Business Analysis Certification and What It Can Mean for You

business_analysisThis is Part 3 of a 3 part series exploring business analysis. See Part 1 and Part 2.

Part 3 looks at why, as a project manager, you might want to consider business analysis certification.  This builds on Part 1, which explores business analysis knowledge and credentials in a larger context, and Part 2, which explores the business analysis Knowledge Areas and commonalities with project management Knowledge Areas.

There are two certifications offered by the International Institute of Business Analysis, (IIBA), the largest and best known certifying organization in the area of business analysis skills.  The certifications are Certification of Competency in Business Analysis (CCBA ®) and the Certified Business Analysis Professional (CBAP®).

Why would you consider going for the CCBA ® or CBAP®?  Realistically and honestly, these certifications can be considered as “non-mandated necessities.” They are not compulsory! However, as with other certifications such as the PMP, in time they could become mandatory for some jobs, and a major differentiator for others.

Personal benefits to earning a business analysis certification

  1. There is statistically an earnings differential in favor of professionals that are certified.  However, is this because the better analysts get certified?  No matter what the answer, this would point to a benefit for getting certified!
  2. The influence and business value of business analysts is considered important to influencing more sound and informed business decisions.  That means it can have a big impact – as in “dollar impact.”  High financial impact means high value for you to the organization and good opportunities for advancement in responsibility and compensation.
  3. The personal recognition of certification validates that you’re good at what you’re doing and being respected for it.  In addition, having other options can help get you out of the bed in the morning and endure or even embrace another day at work with confidence in your future.
  4. Being a certified in business analysis and member of the IIBA provides networking opportunities for you.  That opportunity grows much more if you are also certified in something else, like the Project Management Professional (PMP).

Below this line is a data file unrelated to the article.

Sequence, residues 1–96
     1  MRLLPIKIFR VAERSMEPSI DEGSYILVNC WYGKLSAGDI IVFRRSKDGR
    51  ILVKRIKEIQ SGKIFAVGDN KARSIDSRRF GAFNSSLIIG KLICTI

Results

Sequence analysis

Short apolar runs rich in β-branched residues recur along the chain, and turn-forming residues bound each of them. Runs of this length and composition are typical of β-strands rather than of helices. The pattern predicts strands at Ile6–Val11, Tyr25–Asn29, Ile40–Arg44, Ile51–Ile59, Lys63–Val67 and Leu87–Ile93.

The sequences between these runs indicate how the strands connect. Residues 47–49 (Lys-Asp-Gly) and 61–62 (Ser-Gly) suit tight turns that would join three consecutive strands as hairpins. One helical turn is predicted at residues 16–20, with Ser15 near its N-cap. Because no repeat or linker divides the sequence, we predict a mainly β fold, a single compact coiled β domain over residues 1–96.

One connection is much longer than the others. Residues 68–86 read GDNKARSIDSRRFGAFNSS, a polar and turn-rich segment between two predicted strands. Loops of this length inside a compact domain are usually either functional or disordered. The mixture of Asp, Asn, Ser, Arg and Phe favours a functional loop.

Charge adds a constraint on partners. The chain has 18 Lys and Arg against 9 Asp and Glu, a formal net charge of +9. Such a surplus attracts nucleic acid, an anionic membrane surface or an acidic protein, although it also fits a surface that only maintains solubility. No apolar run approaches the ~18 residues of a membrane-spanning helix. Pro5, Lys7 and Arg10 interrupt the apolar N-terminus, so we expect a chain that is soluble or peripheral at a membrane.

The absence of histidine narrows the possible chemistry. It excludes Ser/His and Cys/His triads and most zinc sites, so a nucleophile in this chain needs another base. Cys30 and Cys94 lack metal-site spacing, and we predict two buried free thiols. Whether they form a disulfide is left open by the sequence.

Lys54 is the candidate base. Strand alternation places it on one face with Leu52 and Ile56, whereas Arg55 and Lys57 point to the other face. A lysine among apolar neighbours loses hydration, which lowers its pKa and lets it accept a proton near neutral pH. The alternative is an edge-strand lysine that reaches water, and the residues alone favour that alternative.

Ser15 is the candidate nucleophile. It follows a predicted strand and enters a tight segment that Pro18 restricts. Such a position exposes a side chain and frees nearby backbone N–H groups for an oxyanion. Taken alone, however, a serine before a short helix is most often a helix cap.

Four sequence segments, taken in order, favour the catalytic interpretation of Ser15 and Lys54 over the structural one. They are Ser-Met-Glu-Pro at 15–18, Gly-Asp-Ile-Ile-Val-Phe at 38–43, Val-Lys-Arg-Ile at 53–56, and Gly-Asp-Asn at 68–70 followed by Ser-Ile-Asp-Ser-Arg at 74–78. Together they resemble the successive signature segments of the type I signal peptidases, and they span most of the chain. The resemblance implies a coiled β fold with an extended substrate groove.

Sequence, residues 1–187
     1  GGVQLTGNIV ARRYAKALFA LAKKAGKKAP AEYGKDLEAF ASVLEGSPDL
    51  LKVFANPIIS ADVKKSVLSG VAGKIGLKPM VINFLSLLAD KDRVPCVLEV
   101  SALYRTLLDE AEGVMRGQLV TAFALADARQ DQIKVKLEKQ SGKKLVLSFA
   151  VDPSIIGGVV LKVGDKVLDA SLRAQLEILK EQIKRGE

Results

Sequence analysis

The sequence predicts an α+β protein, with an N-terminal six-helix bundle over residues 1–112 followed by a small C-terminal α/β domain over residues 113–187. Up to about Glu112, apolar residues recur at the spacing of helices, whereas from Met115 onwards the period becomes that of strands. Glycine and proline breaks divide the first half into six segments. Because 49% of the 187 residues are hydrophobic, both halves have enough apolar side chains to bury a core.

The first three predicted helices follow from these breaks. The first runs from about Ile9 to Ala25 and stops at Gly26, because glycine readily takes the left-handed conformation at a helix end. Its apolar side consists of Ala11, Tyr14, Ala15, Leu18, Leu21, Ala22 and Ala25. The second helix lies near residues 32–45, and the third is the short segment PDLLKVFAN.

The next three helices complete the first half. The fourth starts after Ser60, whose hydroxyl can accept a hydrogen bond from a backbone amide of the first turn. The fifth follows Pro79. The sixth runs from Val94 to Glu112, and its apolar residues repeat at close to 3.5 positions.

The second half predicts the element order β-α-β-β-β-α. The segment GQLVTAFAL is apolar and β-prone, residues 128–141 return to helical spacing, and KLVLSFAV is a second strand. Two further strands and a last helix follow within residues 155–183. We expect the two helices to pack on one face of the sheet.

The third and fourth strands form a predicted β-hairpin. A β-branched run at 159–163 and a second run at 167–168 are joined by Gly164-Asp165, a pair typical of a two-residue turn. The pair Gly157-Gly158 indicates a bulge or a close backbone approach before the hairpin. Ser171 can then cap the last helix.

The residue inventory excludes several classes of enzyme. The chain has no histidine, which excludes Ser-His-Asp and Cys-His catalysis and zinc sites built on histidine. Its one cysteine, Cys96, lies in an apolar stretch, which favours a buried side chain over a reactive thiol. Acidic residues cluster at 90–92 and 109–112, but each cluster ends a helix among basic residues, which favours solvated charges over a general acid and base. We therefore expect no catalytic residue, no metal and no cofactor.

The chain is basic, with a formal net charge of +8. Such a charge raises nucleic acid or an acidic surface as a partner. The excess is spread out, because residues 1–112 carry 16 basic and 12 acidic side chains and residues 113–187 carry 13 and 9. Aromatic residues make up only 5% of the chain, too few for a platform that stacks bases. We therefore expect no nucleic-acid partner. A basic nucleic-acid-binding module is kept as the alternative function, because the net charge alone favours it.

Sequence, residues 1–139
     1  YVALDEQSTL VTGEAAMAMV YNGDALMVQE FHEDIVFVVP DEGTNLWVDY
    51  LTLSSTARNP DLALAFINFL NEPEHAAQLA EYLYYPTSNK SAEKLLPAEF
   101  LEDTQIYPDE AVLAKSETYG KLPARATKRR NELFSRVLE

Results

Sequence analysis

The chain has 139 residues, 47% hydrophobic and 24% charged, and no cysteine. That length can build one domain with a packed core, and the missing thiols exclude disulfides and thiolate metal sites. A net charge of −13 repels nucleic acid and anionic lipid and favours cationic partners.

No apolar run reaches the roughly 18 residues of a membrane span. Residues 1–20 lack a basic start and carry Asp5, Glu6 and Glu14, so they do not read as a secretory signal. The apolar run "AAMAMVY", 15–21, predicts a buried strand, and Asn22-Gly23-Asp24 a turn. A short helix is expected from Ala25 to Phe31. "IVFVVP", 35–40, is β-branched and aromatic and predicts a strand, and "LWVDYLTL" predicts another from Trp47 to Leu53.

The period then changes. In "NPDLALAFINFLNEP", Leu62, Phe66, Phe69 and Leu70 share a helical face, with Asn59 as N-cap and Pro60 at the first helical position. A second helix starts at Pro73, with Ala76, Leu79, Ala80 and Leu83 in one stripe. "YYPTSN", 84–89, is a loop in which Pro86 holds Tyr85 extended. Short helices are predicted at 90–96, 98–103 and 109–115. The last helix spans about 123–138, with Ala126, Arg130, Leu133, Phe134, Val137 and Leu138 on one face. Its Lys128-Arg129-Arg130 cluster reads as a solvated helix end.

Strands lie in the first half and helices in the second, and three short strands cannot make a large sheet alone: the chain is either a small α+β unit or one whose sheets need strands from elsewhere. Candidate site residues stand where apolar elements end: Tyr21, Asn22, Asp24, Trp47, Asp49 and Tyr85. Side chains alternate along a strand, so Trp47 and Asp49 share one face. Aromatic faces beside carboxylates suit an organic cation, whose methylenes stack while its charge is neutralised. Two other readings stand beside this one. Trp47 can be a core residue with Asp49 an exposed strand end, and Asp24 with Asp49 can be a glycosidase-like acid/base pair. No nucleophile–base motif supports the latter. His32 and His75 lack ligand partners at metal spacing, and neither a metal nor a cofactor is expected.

Organizational benefits to earning a business analysis certification

  1. The organization is able to more effectively and efficiently implement of business analysis best practices across the organization.
  2. A well-trained business analyst, grounded in standard best practices, can reduce project risks, increasing ROI.
  3. If you are in consulting and sell services related to business analysis to your clients, business analysis certification gives your organization increased credibility with clients and other stakeholders.
  4. Businesses consider the practice of hiring certified professionals to be a risk reduction strategy.

Earning business analysis certification does come with some hurdles.

CBAP® certification, in a nutshell, requires a high school diploma or global equivalent; at least 7500 hours of business analysis work experience aligned with the BABOK® Guide in the last 10 years with at least 900 hours in four out of the six knowledge areas; at least 21 hours of professional development related to business analysis in the past four years; and two references from a career manager, CBAP® recipient, or client.

CCBA® certification, in a nutshell, requires a high school diploma or global equivalent; at least 3750 hours of business analysis work experience aligned with the BABOK® Guide in the last 7 years with at least 900 hours in two out of the six knowledge areas; at least 21 hours of professional development related to business analysis in the past four years; and two references from a career manager, CBAP® recipient, or client.

Conclusion

The bottom line is that it is challenging to earn business analysis certification, but it can be rewarding.  However, considering the benefits of developing business analysis skills for the short and long term of your career, it may very well be worth the effort for you if you qualify.  It can also be a great complement to the PMP or other certifications.  It can open the door to a new professional, or it can simply provide an additional skill set that is valued up and down the organization and can help you move up the organizational ladder or impress clients..

John Reiling

John Reiling

John Reiling, PMP, MBA is a practicing Project/Program Manager with a wide range of industry and functional experience over more than 25 years. John provides business analysis training through his site PMTrainingOnline.com. John's blog is PMcrunch.com.

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